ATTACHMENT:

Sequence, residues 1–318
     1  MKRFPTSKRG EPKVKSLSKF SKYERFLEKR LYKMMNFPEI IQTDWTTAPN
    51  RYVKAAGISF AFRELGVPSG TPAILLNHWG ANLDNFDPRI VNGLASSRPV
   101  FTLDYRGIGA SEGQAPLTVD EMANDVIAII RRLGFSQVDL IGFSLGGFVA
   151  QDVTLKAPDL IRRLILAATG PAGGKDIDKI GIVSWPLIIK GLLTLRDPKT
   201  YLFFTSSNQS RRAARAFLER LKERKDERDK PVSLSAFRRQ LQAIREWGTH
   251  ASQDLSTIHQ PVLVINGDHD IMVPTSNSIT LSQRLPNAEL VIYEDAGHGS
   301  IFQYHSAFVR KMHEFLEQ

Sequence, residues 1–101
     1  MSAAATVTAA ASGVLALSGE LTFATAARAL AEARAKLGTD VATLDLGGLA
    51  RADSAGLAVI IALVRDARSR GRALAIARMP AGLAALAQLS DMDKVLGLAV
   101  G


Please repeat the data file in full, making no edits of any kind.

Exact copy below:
Sequence, residues 1–318
     1  MKRFPTSKRG EPKVKSLSKF SKYERFLEKR LYKMMNFPEI IQTDWTTAPN
    51  RYVKAAGISF AFRELGVPSG TPAILLNHWG ANLDNFDPRI VNGLASSRPV
   101  FTLDYRGIGA SEGQAPLTVD EMANDVIAII RRLGFSQVDL IGFSLGGFVA
   151  QDVTLKAPDL IRRLILAATG PAGGKDIDKI GIVSWPLIIK GLLTLRDPKT
   201  YLFFTSSNQS RRAARAFLER LKERKDERDK PVSLSAFRRQ LQAIREWGTH
   251  ASQDLSTIHQ PVLVINGDHD IMVPTSNSIT LSQRLPNAEL VIYEDAGHGS
   301  IFQYHSAFVR KMHEFLEQ

Sequence, residues 1–101
     1  MSAAATVTAA ASGVLALSGE LTFATAARAL AEARAKLGTD VATLDLGGLA
    51  RADSAGLAVI IALVRDARSR GRALAIARMP AGLAALAQLS DMDKVLGLAV
   101  G